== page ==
Persistent investigation hasanswered that question. We know that lower animals have a hypothalamus that controls the temperature at which the body is comfortable. When an iguana gets infected, for instance, its hypothalamus is reset to a higher level, just as in a human. Because the iguana can't generate enough internal heat to reach this new level, how then does it show its fever? Researchers have discovered that an infected iguana seeks out warmer areas in its environment. It uses behavioral techniques to achieve the higher temperature--it develops a "behavioral fever.' The studies, repeated for reptiles, amphibians, and fish, show the same results in each case: the creation of behavioral fevers.

Experiments have also shownthat lower animals and higher animals demonstrate very similar febrile responses--too many to be coincidence. As examples, fevers in lower and higher animals develop secondarily to the same stimuli; both groups have very similar fire makers (pyrogens); fever-reducing drugs work equally well on both groups. Because reptiles and mammals have existed as separate groups for at least 200 million years, these similarities suggest that the body reactions which produce fever must be even older. The fever response has been around and stayed around for a long time.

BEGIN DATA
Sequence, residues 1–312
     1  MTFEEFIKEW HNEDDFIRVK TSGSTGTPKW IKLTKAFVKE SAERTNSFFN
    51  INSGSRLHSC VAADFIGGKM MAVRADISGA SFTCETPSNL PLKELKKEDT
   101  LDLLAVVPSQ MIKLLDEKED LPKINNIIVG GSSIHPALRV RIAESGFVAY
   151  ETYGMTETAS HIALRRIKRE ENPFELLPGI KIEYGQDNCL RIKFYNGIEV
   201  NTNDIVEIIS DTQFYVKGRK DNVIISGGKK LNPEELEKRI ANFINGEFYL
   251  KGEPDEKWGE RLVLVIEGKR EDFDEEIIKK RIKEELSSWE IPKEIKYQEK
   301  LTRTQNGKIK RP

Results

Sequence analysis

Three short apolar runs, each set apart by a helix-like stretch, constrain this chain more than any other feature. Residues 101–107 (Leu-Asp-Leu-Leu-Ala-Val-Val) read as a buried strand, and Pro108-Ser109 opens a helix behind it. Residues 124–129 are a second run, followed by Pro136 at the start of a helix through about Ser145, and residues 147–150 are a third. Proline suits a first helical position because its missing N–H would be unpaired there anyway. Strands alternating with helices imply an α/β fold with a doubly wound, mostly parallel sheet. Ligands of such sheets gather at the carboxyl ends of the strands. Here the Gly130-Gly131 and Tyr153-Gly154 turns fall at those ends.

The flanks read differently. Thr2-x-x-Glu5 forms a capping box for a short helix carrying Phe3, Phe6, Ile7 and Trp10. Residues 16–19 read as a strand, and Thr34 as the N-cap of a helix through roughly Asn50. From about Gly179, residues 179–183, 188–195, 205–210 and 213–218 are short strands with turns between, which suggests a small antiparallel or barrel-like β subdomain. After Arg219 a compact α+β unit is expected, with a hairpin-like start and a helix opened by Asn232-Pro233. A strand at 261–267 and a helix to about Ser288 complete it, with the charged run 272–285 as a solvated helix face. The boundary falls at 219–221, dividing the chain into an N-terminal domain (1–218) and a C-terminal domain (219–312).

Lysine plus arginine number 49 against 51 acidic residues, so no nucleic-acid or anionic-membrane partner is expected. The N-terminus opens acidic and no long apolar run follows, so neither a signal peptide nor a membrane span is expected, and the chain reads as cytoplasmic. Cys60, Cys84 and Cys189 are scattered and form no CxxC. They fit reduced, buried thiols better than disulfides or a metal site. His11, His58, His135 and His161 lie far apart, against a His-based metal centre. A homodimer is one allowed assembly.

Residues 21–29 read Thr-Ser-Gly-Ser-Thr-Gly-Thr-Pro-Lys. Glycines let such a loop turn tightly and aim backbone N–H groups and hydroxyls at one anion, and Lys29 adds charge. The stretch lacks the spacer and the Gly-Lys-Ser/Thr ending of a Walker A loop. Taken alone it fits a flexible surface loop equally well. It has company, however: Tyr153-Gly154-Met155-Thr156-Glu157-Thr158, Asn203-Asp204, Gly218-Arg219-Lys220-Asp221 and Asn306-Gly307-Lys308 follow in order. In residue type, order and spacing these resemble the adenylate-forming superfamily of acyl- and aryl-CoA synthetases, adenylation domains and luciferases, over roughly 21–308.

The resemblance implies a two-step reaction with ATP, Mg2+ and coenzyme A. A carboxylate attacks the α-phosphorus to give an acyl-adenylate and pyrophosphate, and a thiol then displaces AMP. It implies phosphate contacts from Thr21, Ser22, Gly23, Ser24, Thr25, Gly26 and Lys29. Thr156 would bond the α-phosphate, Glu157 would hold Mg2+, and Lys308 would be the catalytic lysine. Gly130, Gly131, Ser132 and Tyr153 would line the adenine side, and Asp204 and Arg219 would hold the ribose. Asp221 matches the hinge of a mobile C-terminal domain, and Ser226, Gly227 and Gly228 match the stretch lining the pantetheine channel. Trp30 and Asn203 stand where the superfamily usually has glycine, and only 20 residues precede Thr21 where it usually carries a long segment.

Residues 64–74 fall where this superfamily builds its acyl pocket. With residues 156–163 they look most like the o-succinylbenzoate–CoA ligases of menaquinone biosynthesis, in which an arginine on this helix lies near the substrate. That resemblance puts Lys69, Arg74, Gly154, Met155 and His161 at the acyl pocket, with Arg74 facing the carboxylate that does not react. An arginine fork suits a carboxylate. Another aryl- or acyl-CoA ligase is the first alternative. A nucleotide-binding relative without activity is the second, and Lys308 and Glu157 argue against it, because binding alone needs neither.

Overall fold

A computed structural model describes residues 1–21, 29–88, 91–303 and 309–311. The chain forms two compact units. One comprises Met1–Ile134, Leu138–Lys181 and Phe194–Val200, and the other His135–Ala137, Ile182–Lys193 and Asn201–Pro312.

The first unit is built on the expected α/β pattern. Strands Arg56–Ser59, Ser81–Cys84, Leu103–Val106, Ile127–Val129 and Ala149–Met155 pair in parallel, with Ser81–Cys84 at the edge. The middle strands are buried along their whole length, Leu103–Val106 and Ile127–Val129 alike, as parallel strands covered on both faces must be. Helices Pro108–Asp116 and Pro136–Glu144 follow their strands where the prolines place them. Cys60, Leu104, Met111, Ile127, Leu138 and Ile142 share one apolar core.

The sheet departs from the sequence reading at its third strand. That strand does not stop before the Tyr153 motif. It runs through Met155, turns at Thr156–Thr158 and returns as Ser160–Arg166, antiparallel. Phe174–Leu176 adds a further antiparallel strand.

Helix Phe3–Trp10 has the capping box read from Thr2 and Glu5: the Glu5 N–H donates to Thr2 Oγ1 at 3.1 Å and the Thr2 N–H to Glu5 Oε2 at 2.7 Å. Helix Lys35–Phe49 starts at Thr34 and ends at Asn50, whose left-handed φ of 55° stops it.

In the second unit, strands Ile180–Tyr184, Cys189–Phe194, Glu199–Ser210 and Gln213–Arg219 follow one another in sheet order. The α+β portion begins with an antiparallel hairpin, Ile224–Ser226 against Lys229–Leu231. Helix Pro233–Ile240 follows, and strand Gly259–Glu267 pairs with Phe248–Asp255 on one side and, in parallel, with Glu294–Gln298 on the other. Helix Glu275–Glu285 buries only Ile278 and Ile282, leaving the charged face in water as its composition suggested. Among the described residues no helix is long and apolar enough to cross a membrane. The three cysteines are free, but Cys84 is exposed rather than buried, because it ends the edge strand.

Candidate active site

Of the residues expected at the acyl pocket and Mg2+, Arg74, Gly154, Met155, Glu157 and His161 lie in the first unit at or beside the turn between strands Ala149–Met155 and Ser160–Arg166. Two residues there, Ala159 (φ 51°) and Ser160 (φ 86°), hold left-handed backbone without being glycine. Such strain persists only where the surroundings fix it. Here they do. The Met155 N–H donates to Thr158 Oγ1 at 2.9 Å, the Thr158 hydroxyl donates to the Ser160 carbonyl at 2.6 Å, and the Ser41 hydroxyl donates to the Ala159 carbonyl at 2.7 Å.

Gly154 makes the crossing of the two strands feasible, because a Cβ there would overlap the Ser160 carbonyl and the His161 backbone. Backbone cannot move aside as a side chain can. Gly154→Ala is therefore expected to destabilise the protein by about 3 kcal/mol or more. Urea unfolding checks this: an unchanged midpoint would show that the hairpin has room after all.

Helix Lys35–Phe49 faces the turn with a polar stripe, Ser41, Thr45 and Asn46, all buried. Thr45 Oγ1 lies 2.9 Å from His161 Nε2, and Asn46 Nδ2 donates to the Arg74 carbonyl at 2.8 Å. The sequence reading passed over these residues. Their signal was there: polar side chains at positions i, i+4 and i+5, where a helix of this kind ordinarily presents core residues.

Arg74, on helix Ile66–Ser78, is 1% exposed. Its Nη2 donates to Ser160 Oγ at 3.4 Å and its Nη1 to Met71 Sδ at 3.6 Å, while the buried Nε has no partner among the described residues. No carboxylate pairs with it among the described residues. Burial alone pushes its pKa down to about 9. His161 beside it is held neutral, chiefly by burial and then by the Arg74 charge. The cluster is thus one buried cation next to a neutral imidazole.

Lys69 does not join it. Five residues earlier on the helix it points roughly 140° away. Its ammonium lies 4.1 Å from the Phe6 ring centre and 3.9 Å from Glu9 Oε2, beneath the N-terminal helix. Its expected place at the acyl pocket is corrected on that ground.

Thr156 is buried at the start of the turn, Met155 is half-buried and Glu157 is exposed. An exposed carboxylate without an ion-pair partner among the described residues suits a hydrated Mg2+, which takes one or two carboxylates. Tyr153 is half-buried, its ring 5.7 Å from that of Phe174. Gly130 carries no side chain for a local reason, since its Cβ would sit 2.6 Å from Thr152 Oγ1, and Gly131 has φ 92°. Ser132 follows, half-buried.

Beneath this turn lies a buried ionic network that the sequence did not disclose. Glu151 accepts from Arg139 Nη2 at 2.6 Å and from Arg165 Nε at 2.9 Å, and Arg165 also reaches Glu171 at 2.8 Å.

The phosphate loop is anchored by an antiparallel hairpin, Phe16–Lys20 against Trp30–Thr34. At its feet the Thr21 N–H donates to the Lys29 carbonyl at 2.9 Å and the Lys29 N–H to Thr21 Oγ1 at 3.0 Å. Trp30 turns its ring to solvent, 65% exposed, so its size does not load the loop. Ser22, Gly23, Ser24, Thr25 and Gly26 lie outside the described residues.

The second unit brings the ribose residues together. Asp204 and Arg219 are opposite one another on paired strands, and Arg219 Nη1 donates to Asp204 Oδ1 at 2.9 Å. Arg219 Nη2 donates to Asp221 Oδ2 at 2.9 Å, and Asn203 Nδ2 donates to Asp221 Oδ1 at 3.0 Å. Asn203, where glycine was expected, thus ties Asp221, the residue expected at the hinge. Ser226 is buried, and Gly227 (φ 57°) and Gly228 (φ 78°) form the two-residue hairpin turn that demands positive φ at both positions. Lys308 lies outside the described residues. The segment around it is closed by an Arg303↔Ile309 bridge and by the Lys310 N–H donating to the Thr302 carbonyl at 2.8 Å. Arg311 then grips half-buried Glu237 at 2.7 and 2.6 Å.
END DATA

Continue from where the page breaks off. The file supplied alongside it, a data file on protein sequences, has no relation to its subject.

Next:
Because reptiles' reactions aresimilar to man's, we are able to use them to study fever. This has allowed us to learn that fever has some benefit to us. For example, if we prevent fever in response to infection, we find that 75 percent of infected reptiles die. If we allow the fever to exist, only 25 percent die. Fever allows our natural defenses to be more efficient. White blood cells are more mobile and more aggressive killers of infecting organisms. Other elements of our immune system work better at high temperatures, and even interferon, our body's natural antiviral and antitumor drug, works better at elevated temperatures.

How to Treat Fever

If preventing the febrile responsein animals causes three times more deaths, there are some obvious questions we should ask about preventing it in man. When should we treat fever? How high need the temperature rise before we worry? Are we, in fact, interfering with our natural infection fighters when we reduce temperature? Unfortunately, these questions have no good answers. We do know that prolonged high temperatures in man can cause degeneration of cells in all organs, and if enough cells are killed the person may die. It would seem advantageous, therefore, to treat temperatures at or above 41|C. (105.8|F.). But what about fever less than 40|C. (105.8|F.) in an adult or sick child? What about low-grade fever for many days? The best course is to consult your family physician in these cases.